Under the pretext of attacking ISIS, Russian fighter jets appear to be bombing rebel-held territory in Syria. In addition , Iranian and Russian troops are moving in to bolster the efforts of the Assad regime.
Smoke rises after airstrikes by military jets in Talbiseh, Homs province, western Syria,
It’s a clever move, both strategically and diplomatically by Russian President Vladimir Putin who appears to be developing a clever line in brinksmanship in the region.
Australian Foreign Minister Bishop has taken a conciliatory line pointing out there is no firm evidence to suggest that the Russians are bombing the Syrian rebels. No doubt the Russians will be greatly heartened by this.
The Coalition is now really between a rock and a hard place. Putin’s goal of supporting and strengthening the Assad regime has a clarity of purpose that the US-led Coalition has never had in its aim of degrading ISIS. The tangled web of national and sectarian politics in the region has made it difficult for the coalition to have a clear and achievable objective.
The coalition can now back away from its determination that Assad has to go and find a compromise with the Russians or stick to his guns and work towards a regime change. The problem with this Plan B is that it will mean a confrontation with the Russians.
Now the situation has been made even more complex by the presence of Russian troops on the ground and Russian fighter jets in the air. The potential for a confrontation between the US led coalition forces and the Russians has increased markedly.
Now, Australian political rhetoric is shifting towards the idea that the solution in Syria will always need to be a political one.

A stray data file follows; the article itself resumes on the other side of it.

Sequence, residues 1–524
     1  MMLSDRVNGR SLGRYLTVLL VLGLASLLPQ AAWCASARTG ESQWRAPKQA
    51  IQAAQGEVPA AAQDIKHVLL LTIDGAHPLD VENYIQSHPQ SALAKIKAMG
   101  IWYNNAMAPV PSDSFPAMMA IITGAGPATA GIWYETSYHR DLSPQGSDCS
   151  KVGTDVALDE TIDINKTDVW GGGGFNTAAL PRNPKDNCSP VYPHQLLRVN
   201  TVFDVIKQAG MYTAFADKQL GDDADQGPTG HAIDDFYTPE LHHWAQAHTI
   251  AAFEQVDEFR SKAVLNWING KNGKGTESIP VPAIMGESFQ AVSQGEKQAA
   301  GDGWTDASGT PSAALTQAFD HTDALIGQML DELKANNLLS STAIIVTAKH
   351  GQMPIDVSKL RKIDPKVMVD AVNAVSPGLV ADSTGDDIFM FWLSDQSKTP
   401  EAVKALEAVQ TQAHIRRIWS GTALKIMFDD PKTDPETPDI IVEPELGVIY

Well, it took a long time for that particular penny to drop.
But peace in the region is clearly going to involve having murderous regimes in power (think Saudi Arabia) and Foreign Minister Bishop is now talking about the Assad regime being one of “transition”.
Foreign Minister Julie Bishop Gaines status as a diplomat was every outing
The touching thing about the idea of a transition of government in Syria is that it is underpinned by the idea that it will be possible to have a transition to a government that is better than the murderous regime of Bashar al-Assad.
Syrian President Bashar al-Assad
This is probably not the case but almost anything would be better than the current situation in Syria which is currently engulfing all of the region, and a large part of Europe, in a refugee crisis.
The difficulty is that lasting solution to the problem region is really long way off because it will involve provision of a homeland for the Kurds, accommodation of Sunni and Shiite interests in Iraq, similar accommodation of interests in Syria and the withdrawal of Saudi Arabian troops from Yemen.
The conflict between Yemen and Saudi Arabia is symptomatic of problems in the region. This conflict dates back to the collapse and partition of the Ottoman Empire 1925 and carries nearly 100 years baggage with it.
Nonetheless, the move towards an unpalatable political solution to the crisis in Syria is preferable to the carnage that is destroying the nation.
It’s very rare for conflicts like this to be settled in any way other than through a political compromise. One certain way of making sure they are never settled is to maintain the presence of foreign troops fighting in someone else’s homeland.